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 Table of Contents  
ORIGINAL RESEARCH
Year : 2018  |  Volume : 10  |  Issue : 3  |  Page : 111-114

An assessment of the self-satisfying smile among different professionals


Department of Orthodontics and Dentofacial Orthopaedics, School of Dental Sciences, Sharda University, Greater Noida, Uttar Pradesh, India

Date of Web Publication14-Jun-2018

Correspondence Address:
Dr. Ankit Chaudhari
Department of Orthodontics and Dentofacial Orthopaedics, School of Dental Sciences, Sharda University, Knowledge Park, Greater Noida, Uttar Pradesh
India
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Source of Support: None, Conflict of Interest: None


DOI: 10.4103/jioh.jioh_107_18

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  Abstract 

Aims: The aim of this study was to assess the variation in self-assessment of smile among dental and nondental professional groups. Materials and Methods: We carried a cross-sectional, analytical study on dental and nondental male professionals. Spontaneous photograph of each smiling participant was taken and showed to all of them. They were asked to judge their own smile according to their smile-line height. Five-point response scale was used, varying from 1 (very unfavorable) to 5 (very favorable); a nonlinear quadratic regression analysis was used to determine objective smile-line height and judgment of the smile esthetics. Results: Overall fit of the regression analysis model of dental students was poor (P = 0.075), as was for nondental students (P = 0.727). The smile-line height was a significant predictor of the self-assessment of the dental students and not significant for nondental students. Conclusion: The perception of participants having dental knowledge and those not having dental knowledge vary, and thus, we suggest that patients' self-perception must be given consideration while setting a goal for outcome.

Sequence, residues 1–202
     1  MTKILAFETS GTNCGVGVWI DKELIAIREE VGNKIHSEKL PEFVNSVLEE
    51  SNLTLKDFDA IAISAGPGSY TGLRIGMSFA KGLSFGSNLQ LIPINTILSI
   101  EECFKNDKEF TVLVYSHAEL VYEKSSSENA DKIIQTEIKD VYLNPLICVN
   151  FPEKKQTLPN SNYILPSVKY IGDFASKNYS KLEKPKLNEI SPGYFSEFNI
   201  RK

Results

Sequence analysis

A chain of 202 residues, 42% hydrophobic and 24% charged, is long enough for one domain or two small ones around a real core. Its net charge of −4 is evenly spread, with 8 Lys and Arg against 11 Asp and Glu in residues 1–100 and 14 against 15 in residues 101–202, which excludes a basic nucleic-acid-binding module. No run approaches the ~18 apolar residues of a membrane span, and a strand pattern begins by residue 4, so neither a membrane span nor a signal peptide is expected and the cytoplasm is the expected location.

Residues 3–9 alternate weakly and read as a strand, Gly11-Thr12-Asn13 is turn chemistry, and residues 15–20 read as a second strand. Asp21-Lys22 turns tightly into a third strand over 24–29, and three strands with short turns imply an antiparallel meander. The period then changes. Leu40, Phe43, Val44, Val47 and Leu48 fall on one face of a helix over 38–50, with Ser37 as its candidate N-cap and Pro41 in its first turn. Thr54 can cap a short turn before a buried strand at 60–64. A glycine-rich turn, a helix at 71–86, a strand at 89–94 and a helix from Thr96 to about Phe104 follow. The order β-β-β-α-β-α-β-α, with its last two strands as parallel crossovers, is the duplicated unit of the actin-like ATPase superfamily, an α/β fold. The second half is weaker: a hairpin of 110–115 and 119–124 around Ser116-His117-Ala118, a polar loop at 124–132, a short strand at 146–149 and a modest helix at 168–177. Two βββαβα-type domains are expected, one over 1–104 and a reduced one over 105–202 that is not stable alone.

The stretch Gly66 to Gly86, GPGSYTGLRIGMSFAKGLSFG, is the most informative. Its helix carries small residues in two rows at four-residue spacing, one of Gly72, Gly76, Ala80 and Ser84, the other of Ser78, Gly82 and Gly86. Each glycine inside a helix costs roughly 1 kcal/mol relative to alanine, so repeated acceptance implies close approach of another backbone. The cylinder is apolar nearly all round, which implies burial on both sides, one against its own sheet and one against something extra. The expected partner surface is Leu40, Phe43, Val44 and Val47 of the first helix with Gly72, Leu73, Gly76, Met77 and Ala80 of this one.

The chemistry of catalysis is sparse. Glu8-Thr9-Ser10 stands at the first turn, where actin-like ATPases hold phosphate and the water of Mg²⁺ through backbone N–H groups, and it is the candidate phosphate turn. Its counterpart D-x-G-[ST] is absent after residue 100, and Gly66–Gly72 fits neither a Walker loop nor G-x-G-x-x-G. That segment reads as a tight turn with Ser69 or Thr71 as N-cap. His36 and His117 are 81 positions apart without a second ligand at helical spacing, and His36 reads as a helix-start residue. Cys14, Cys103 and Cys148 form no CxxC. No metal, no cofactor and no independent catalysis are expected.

Keywords: Dental students, esthetics, photograph, self-perception, smile-line height


How to cite this article:
Chaudhari A, Bagga DK, Agrawal P, Kalra H, Sirohi D. An assessment of the self-satisfying smile among different professionals. J Int Oral Health 2018;10:111-4

How to cite this URL:
Chaudhari A, Bagga DK, Agrawal P, Kalra H, Sirohi D. An assessment of the self-satisfying smile among different professionals. J Int Oral Health [serial online] 2018 [cited 2018 Jul 16];10:111-4. Available from: http://www.jioh.org/text.asp?2018/10/3/111/234517


  Introduction Top


Smile is regarded as the most significant feature of facial expression and is necessary in conveying friendliness, harmony, and admiration, thus playing an important part in social interactions. Facial attractiveness is mainly dependent on two features: first eyes and then smile.[1],[2]

Smile gives a positive impression on observers and ours being a beauty-conscious society, and smile has a role in evaluating personality and also on employment prospects.[3] Individuals who exhibit good smile appear more confident and positive in nature, whereas those without proper smile are usually low in self-esteem and are negative and unattractive in nature. Even during normal conversation, focus is mainly on eyes and lips, especially smile.[4] It is proved that photographs of persons with esthetic smile belonged to individuals having better intellectual and social abilities.[5],[6]

Various factors affecting a pleasant smile are position of teeth, appearance of gingiva, and framing of the lips. Of all these factors, lips, especially upper lip, have a major role as gingiva and portion of teeth appear when one is smiling.[7]